Tuesday, September 12, 2017

John Veckly, Jr. and The Forgotten War

Through my ancestral research, I've reconnected with my mother's cousin Jane, who is my closest living connection to the Voegtly family. I'm so glad that I was able to track her down, rather randomly actually, through a letter I found when I quickly stepped into my home office to grab my slippers, since it was so chilly today. I noticed this single letter sitting on my desk amidst all the boxes and piles of paper, practically shouting at me to pick it up.

I don't recall seeing this letter before, or setting it aside, but there it was. I grabbed it and brought it downstairs to continue my online research later, but a clue written on the outside of the envelope by my mother led me to wonder. It was probably an hour or two later when I found an email address for one of Jane's sons and I sent him a hopeful email. It was only minutes later that he wrote back and confirmed I had the right person.

This found letter was sent to my mom in 1978 from her cousin, Jane, letting my mom know that her uncle, Jane's father, John Voegtly, Jr., had died. On the front and back of the envelope, my mother had written the key to unsolving a mystery that has stumped me for several months. It was almost as if she knew someone (maybe me) would be looking for this after her death.

Her notes said simply "My cousin Jane – daughter of my Uncle John (VOEGTLY), mother's brother – he changed his to VECKLY. I've been searching for months for Voegtly, not Veckly, and as soon as I entered the correct spelling, it was almost scary what I could find online. And I couldn't be happier.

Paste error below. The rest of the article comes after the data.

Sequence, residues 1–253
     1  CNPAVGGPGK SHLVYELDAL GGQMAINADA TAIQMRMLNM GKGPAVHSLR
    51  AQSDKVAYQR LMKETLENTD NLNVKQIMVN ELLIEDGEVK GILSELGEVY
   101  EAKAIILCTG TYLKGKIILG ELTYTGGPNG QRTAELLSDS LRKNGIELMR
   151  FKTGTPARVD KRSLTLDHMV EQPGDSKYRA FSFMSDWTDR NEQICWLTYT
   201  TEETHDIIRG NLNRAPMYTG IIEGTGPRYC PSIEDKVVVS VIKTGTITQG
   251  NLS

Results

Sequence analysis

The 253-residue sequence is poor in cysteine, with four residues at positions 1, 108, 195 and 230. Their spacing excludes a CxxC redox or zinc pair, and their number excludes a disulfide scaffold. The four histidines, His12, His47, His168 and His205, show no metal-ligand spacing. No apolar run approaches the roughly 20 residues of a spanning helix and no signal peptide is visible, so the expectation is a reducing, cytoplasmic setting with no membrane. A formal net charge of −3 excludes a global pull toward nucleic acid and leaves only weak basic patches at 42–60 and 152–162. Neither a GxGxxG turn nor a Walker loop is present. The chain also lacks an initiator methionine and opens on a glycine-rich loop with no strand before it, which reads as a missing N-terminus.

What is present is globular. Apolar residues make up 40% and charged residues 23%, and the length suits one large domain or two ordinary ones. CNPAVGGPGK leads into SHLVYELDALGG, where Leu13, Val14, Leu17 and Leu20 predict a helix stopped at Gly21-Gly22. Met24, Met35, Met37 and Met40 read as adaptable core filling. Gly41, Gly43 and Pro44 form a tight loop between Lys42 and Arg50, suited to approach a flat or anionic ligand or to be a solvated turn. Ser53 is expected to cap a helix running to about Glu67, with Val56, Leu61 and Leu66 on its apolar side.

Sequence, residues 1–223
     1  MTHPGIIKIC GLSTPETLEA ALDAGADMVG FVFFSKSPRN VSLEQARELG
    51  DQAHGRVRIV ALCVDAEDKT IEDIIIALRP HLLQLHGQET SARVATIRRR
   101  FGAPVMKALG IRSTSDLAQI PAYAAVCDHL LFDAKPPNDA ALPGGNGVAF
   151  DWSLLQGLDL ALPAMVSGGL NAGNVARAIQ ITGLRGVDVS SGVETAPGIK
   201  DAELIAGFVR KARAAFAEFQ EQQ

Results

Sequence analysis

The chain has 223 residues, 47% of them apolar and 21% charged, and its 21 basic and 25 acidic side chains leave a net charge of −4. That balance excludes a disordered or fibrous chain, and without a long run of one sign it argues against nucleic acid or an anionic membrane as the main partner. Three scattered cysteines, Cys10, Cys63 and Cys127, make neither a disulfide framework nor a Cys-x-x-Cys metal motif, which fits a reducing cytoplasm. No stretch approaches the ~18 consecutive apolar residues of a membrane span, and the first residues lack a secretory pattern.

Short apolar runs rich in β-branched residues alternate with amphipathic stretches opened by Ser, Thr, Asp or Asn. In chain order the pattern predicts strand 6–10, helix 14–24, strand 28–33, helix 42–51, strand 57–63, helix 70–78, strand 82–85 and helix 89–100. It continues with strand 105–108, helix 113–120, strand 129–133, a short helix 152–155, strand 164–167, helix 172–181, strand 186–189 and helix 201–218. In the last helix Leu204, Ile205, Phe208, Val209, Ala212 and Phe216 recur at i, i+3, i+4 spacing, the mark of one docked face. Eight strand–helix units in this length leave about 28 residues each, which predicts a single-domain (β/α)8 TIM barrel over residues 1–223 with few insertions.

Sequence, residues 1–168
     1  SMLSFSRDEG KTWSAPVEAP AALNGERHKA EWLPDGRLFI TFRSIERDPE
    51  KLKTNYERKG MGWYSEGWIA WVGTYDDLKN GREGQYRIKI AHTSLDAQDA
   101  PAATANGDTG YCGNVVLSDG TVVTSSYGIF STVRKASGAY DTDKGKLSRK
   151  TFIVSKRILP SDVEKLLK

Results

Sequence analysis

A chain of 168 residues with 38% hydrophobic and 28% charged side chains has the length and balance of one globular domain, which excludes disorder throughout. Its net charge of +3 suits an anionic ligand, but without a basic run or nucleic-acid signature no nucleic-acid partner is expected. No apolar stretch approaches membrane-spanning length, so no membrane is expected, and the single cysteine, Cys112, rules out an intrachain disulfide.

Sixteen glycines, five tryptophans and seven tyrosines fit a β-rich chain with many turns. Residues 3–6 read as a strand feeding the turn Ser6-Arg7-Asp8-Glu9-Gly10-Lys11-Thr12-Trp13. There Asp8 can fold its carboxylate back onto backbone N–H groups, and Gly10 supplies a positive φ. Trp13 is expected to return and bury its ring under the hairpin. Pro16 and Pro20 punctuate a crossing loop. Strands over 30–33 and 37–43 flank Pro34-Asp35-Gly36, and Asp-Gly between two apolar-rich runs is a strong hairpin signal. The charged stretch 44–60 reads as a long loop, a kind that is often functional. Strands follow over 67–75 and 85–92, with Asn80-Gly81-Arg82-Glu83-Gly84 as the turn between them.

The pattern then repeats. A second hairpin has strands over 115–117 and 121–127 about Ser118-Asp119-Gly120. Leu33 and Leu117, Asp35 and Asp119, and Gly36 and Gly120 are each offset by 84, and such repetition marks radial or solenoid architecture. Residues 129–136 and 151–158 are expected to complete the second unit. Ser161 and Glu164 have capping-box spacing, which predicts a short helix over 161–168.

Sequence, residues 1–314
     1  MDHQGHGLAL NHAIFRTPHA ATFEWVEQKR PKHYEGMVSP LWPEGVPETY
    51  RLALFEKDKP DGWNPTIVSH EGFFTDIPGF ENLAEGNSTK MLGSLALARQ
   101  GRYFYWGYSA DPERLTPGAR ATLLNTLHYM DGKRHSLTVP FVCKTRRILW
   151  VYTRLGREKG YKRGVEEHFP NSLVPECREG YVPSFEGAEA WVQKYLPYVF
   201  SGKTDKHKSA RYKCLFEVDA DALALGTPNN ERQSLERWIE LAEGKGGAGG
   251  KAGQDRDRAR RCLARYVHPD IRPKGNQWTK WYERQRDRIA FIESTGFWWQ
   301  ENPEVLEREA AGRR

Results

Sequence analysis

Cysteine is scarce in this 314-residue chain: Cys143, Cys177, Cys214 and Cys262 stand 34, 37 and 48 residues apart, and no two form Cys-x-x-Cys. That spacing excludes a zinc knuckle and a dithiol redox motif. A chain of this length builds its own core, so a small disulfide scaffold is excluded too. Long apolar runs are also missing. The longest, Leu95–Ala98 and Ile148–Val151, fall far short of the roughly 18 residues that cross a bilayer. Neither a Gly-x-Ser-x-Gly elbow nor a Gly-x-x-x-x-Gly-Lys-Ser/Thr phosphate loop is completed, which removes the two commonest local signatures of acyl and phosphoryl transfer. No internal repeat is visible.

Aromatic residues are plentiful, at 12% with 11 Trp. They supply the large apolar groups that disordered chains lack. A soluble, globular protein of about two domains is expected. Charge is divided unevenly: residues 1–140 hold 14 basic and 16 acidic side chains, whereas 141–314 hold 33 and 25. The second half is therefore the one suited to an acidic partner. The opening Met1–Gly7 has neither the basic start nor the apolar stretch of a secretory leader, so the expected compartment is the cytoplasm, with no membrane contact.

I also found out that my mother's only other first cousin, Jane's brother, was killed in the Korean War when he was only 20 years old. He was a Marine like my dad was. And for awhile he was stationed at Camp Pendleton in Oceanside, CA, where I lived right after college, renting a room from a Marine wife whose husband was stationed in Okinawa for six months. Interesting to have that connection so many decades later. When we were kids my family went to visit Arlington Cemetery and I wonder now if we looked for his tombstone. I found the details of his service and a copy of his tombstone that I wanted to share.

Private First Class Veckly was a member of Company D, 2nd Battalion, 1st Marines, 1st Marine Division. He was Killed in Action while fighting the enemy in Korea on November 1, 1951 and posthumously received the National Defense Service Medal, the Korean Presidential Unit Citation and the Republic of Korea War Service Medal. "Jack" Veckly was stationed at Parris Island, then Camp Pendleton, and traveled to Korea in the Summer of 1951.

1 comment:

  1. That's such a tragedic store,it brought tears to my eyes.Sometimes people has to die in war without being guilty and that's exactly happened to john veckly Jr.